Japanese restaurant owners in Hong Kong brace for Fukushima seafood ban

A chef prepares sashimi at Hassun Japanese restaurant, in Hong Kong

HONG KONG (Reuters) - Japanese restaurant owners in Hong Kong are grappling with a looming ban on seafood imports from 10 Japanese prefectures because of Tokyo's plan to release treated water from the crippled Fukushima plant into the sea from Aug. 24.

Japan gave the date on Tuesday for discharging the wastewater after first announcing the move in July. Approved by the U.N. nuclear watchdog, Japan's plan has faced opposition at home and abroad over concerns of food safety. The country says releases will be safe and meet global standards.

Hong Kong is Japan's second largest market, after mainland China, for agricultural and fisheries exports. Japanese restaurants are popular in the special administrative region and Japan is a favourite holiday destination for many residents.

Although the details of Hong Kong's ban remains unclear, Halry Yu, 42, owner of Japanese restaurant Hassun, said more than 90% of seafood sent to Hong Kong is gathered in Tokyo.

“If they ban imports that come via Tokyo, I think all sushi restaurants in Hong Kong will be in trouble. There are some seafood supplies from Osaka, but variety is limited.”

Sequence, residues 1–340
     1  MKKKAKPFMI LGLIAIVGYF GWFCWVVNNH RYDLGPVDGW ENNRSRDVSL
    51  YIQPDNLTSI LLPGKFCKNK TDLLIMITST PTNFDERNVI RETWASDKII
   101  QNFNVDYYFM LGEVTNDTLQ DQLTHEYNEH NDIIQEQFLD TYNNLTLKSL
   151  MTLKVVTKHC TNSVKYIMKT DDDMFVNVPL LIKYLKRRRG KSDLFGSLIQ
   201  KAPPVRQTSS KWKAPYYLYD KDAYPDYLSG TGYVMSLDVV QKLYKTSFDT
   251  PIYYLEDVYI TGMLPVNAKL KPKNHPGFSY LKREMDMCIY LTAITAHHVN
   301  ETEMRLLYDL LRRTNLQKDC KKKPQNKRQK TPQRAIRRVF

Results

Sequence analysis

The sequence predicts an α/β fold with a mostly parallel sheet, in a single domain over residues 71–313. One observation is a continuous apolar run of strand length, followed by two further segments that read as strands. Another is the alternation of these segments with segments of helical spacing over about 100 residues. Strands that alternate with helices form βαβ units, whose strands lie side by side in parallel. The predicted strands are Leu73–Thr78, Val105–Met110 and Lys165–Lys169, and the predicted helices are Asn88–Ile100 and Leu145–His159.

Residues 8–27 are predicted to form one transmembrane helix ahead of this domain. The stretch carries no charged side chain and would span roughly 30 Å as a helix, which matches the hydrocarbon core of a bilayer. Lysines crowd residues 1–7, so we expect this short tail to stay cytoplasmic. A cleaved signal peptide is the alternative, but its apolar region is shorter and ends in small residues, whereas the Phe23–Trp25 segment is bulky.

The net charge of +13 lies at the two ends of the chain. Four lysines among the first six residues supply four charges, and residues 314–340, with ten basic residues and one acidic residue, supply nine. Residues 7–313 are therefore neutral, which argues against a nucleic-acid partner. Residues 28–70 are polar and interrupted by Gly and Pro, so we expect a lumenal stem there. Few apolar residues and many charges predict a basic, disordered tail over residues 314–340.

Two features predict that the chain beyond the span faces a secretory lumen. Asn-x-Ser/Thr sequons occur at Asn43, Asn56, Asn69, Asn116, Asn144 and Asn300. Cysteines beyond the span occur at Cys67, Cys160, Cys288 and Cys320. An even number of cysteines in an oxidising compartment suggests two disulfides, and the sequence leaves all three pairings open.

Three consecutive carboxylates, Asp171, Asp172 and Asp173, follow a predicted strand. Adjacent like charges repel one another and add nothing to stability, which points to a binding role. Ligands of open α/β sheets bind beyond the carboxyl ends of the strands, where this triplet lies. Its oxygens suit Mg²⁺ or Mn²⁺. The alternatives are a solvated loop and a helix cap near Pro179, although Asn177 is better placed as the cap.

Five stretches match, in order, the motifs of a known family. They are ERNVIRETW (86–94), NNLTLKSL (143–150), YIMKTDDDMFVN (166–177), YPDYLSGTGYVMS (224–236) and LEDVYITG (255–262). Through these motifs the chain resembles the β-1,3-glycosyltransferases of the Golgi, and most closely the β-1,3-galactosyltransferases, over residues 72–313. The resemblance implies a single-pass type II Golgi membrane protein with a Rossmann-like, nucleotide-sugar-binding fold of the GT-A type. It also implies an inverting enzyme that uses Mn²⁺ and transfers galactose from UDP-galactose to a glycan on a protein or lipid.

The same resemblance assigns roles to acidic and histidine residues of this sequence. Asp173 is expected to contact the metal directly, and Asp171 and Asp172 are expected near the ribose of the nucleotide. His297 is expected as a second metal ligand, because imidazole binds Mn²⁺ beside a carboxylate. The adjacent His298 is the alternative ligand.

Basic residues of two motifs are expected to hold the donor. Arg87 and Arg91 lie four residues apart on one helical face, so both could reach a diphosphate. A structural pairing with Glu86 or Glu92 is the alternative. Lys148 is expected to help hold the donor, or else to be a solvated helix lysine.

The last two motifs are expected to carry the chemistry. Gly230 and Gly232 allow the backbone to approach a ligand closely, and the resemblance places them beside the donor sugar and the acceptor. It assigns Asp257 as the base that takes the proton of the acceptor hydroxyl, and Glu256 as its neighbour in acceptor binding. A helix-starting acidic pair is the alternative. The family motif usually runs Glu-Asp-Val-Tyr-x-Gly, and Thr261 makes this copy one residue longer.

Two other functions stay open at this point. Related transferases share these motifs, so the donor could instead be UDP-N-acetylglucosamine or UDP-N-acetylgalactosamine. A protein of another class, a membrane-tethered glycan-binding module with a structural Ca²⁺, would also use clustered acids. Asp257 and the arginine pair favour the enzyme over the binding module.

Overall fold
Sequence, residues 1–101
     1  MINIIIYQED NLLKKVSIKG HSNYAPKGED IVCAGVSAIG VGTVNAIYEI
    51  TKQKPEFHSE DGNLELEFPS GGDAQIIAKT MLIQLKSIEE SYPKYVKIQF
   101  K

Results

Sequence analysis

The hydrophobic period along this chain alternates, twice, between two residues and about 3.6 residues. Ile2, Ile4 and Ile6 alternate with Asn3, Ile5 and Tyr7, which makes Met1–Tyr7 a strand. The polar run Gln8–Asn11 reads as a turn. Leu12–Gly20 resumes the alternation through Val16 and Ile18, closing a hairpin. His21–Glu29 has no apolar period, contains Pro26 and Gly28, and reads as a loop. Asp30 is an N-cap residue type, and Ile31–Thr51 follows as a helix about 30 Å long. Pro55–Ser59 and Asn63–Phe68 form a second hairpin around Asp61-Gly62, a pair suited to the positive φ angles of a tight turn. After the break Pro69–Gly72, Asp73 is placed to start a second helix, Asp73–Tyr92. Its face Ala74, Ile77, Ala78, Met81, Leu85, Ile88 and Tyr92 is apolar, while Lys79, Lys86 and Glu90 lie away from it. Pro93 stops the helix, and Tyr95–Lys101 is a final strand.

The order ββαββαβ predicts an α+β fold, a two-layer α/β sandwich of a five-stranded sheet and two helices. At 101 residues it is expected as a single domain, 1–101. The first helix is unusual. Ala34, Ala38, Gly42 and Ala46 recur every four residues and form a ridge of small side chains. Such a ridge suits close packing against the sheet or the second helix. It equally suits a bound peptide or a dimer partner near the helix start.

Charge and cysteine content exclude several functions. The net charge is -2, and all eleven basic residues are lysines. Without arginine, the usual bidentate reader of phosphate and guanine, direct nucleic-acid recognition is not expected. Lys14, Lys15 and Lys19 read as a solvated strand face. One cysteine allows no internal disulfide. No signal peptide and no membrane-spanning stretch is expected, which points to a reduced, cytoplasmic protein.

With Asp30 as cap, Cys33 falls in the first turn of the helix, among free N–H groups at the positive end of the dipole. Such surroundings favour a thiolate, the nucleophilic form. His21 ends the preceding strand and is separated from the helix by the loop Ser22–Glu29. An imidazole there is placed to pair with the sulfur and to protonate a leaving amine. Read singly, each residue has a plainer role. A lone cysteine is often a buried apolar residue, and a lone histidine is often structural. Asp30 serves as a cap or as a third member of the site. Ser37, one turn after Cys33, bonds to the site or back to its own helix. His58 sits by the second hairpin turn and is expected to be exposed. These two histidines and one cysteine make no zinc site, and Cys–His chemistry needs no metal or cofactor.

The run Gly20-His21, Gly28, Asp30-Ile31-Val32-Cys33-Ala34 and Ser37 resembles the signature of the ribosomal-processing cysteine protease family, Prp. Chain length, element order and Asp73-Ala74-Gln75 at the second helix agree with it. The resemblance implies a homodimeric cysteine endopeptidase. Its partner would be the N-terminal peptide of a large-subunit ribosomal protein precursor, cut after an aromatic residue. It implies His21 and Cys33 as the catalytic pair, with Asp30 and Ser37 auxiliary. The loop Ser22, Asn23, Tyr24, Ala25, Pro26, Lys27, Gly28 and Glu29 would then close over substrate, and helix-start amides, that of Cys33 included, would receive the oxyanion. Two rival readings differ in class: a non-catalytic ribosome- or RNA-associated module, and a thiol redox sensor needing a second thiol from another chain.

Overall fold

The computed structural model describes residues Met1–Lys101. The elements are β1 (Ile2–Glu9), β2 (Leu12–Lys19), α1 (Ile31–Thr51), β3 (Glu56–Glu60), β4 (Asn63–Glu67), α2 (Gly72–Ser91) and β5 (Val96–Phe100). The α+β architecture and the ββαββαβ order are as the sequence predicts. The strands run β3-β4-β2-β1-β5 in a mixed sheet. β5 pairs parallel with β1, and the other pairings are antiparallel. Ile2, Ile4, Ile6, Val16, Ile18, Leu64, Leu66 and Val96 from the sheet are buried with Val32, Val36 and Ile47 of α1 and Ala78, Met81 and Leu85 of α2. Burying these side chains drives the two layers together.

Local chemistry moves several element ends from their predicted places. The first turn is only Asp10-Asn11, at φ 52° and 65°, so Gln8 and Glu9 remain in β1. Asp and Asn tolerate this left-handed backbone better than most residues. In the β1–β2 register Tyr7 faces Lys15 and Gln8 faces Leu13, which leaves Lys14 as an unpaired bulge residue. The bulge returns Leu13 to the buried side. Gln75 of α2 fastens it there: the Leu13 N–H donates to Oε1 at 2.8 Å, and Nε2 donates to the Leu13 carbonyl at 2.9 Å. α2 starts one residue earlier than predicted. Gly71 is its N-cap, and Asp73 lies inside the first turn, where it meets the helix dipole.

Yu expects a loss of up to 40% for his restaurant from the ban and said he would try to salvage business by adding more meat to the menu.

"Meat will become the main theme of the menu. We will start putting barbecued skewers and fried food on our menu that we never had before, to keep the operation running," Yu said.

Hong Kong said the ban would apply to imported aquatic products from Tokyo, Fukushima, Chiba, Tochigi, Ibaraki, Gunma, Miyagi, Niigata, Nagano and Saitama.

It includes live, frozen, refrigerated, dried aquatic products, including sea salt and seaweed.

Many Hong Kong customers dining in Japanese restaurants did not know about the ban.

Advertising executive Hilda Lee, 30, said she enjoys eating Japanese seafood, and dines at Japanese restaurants two to three times each month.

"I am a bit worried. But I will choose to still eat it. The Hong Kong government should have very strict control over the imports of seafood," Lee said. "They will conduct a lot of testing and ban those deemed problematic."

Japan has asked Hong Kong officials not to tighten restrictions on food imports. In 2022, Japan exported 75.5 billion yen ($536 million) of fishery products to Hong Kong, according to government statistics.

Jim Smith, professor of environmental science at the University of Portsmouth, said controlled waste release from nuclear sites is common around the world and there had not been any significant impacts on people or the environment.

"The science has been misunderstood and there's been a very effective lobbying campaign against this release by anti-nuclear groups and also in some countries ... there's been political backlash," Smith said.

Some customers remained cautious. Dino Leung, 30, a lifeguard who was eating at a Japanese restaurant in Hong Kong's Wan Chai district, said he would eat other cuisines instead.

"I'm afraid," Leung said. "I will try to consume less, but Japanese food is really good."

(Reporting by Edmond Ng and Joyce Zhou; writing by Farah Master; editing by Gerry Doyle)